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Stearman C3

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Stearman C3

Stearman C3
Stearman C3B
Role three-seat light commercial biplane
National origin United States
Manufacturer Stearman Aircraft
Designer Lloyd Stearman
First flight 1927
Status a few are still airworthy
Primary user air mail and commercial companies
Number built 179

The Stearman C3 was an American-built civil biplane aircraft of the 1920s, designed by Stearman Aircraft of Wichita, Kansas. It was also the first Stearman aircraft to receive a type certificate.


The C3 was a rugged biplane with simple straight wings, a tough undercarriage with oleo shock absorbers and two open cockpits with the pilot in the rear and two side-by-side passenger seats in the front. In fact, it was a slightly modified version of the earlier model C2 aircraft. Changes included an increased volume oil tank and larger sized baggage compartment.

Introduced in 1928, the C3 was powered by a variety of engines of between 128 hp and 225 hp, each version having its own designation.[1] The last version of the C3 was the C3R which had several external differences including a cutout in the aft portion of the wing center section for improved pilot visibility, a headrest in the aft cockpit, and slightly increased chord of the rudder and vertical stabilizer.

Although there were several versions of the C3, most were either the C3B and the C3R. A few C3s were approved for float operations.

Operational history

The C3 was built with light commercial applications in mind, including passenger flying and business flights. The C3MB was a special mail-carrying aircraft based on the C3 with the forward cockpit enclosed as a dedicated cargo compartment. This version was operated in 1928 by National Parks Airways on airmail route CAM 26 from Salt Lake City, Utah to Pocatello, Idaho and Great Falls, Montana.[2]


Variants produced were:[1]

First of the C series powered by a Curtiss OX-5, later re-engined with a 240 hp (179 kW) Menasco-Salmson radial as the C1X. One built.
Four aircraft similar to the C1, with the radiator mounted underneath, hydraulic shock absorbers and dual controls. Variously powered by 90 hp (67 kW) Curtiss OX-5, Wright-Hisso A, Wright Whirlwind and Menasco-Salmson radial engine.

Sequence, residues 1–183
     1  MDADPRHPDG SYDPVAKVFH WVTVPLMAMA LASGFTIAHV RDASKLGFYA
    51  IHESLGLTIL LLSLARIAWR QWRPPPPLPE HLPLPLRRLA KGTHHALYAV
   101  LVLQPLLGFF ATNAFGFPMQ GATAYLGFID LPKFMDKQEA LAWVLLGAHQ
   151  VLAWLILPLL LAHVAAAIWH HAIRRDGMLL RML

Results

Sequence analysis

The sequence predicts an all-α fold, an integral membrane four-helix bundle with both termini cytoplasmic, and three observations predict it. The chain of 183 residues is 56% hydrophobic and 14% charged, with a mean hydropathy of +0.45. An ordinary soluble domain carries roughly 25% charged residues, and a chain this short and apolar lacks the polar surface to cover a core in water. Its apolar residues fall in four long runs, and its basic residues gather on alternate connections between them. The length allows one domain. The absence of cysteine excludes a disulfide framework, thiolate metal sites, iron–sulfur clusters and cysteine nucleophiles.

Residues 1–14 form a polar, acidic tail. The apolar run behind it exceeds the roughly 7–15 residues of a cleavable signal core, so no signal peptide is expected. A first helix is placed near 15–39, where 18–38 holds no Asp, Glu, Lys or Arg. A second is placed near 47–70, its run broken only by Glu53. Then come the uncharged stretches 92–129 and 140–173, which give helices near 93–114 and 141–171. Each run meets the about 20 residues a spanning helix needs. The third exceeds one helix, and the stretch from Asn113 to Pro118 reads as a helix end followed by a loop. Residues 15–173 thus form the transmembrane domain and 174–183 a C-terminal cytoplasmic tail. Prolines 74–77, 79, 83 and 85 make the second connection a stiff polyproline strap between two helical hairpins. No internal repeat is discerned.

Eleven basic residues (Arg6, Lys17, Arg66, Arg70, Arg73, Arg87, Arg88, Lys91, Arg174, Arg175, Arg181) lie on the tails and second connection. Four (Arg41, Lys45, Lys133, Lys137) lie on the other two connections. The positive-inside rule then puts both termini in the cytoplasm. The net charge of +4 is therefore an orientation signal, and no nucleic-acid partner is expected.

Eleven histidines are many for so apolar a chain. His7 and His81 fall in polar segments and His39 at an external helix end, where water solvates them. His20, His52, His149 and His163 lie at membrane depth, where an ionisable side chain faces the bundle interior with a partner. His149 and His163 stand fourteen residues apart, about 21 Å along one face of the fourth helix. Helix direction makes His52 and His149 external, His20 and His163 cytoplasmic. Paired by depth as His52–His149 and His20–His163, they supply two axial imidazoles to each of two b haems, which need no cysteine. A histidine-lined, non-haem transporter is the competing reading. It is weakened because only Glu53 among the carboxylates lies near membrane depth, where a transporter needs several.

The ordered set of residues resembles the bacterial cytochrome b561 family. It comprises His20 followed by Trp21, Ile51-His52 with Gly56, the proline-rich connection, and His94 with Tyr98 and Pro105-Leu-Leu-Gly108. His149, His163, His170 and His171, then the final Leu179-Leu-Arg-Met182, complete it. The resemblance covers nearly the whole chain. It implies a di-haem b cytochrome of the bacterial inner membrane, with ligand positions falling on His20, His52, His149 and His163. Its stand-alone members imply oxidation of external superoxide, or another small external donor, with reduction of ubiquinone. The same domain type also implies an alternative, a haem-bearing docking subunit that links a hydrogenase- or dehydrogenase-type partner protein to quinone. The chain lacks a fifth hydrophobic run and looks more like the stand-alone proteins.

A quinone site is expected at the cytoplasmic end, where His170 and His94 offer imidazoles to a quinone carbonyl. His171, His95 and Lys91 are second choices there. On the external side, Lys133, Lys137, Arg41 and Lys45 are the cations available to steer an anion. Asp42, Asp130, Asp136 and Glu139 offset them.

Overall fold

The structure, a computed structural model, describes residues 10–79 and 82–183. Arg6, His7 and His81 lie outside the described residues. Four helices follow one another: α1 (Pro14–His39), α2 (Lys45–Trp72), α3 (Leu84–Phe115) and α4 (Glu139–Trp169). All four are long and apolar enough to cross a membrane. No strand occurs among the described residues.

C3B Sport Commercial
220 hp (164 kW) Wright J5 radial engine.[3]
150 hp (112 kW) Wright Martin/Hispano Suiza E engine.
180 hp (134 kW) Wright Martin/Hispano Suiza E engine. 1 delivered.
190 hp (142 kW) Wright Martin/Hispano Suiza E2 engine
190 hp (142 kW) Wright Martin/Hispano Suiza E3 engine.
190 hp (142 kW) Wright Martin/Hispano Suiza E4 engine.
260 hp (194 kW) Menasco-Salmson air-cooled engine.
160 hp (119 kW) Curtiss C6 engine.
128 hp (95 kW) Siemens-Halske Sh 12.
130 hp (97 kW) Comet 7D radial engine. 1 built, later converted to C3B.
C3B with forward cockpit enclosed for mail carrying.
220 hp (164 kW) Wright J5 Whirlwind radial engine.
225 hp (168 kW) Wright J6 (also known as the Business Speedster).



Aircraft on display

Stearman C3B in 1927 markings of Western Air Express airmail route CAM 12 at the Museum of Flight in Seattle

Specifications (C3B)

Data from [6]

General characteristics
  • Crew: 1
  • Capacity: 2 passengers
  • Length: 24 ft 0 in (7.32 m)
  • Wingspan: 35 ft 0 in (10.68 m)
  • Height: 9 ft 0 in (2.75 m)
  • Empty weight: 1,650 lb (748 kg)
  • Useful load: 1,025 lb (465 kg)
  • Max. takeoff weight: 2,650 lb (567)



  1. ^ a b Simpson, 2001, pp. 520–521.
  2. ^ Davies 1998, p. 142.
  3. ^ "Stearman, Boeing-Stearman, Stearman-Hammond, Stearman-Northrop." Retrieved: February 5, 2011.
  4. ^  
  5. ^ Ken Olsson. "Our Stories". Retrieved 2012-07-21. 
  6. ^ Simpson 2001, p. 521.
  • Davies, R.E.G. Airlines of the United States since 1914. Washington, DC: Smithsonian Institution Press, 1998. ISBN 1-888962-08-9.
  • Simpson, Rod. Airlife's World Aircraft. Shrewsbury, UK: Airlife Publishing Ltd, 2001. ISBN 1-84037-115-3.

External links

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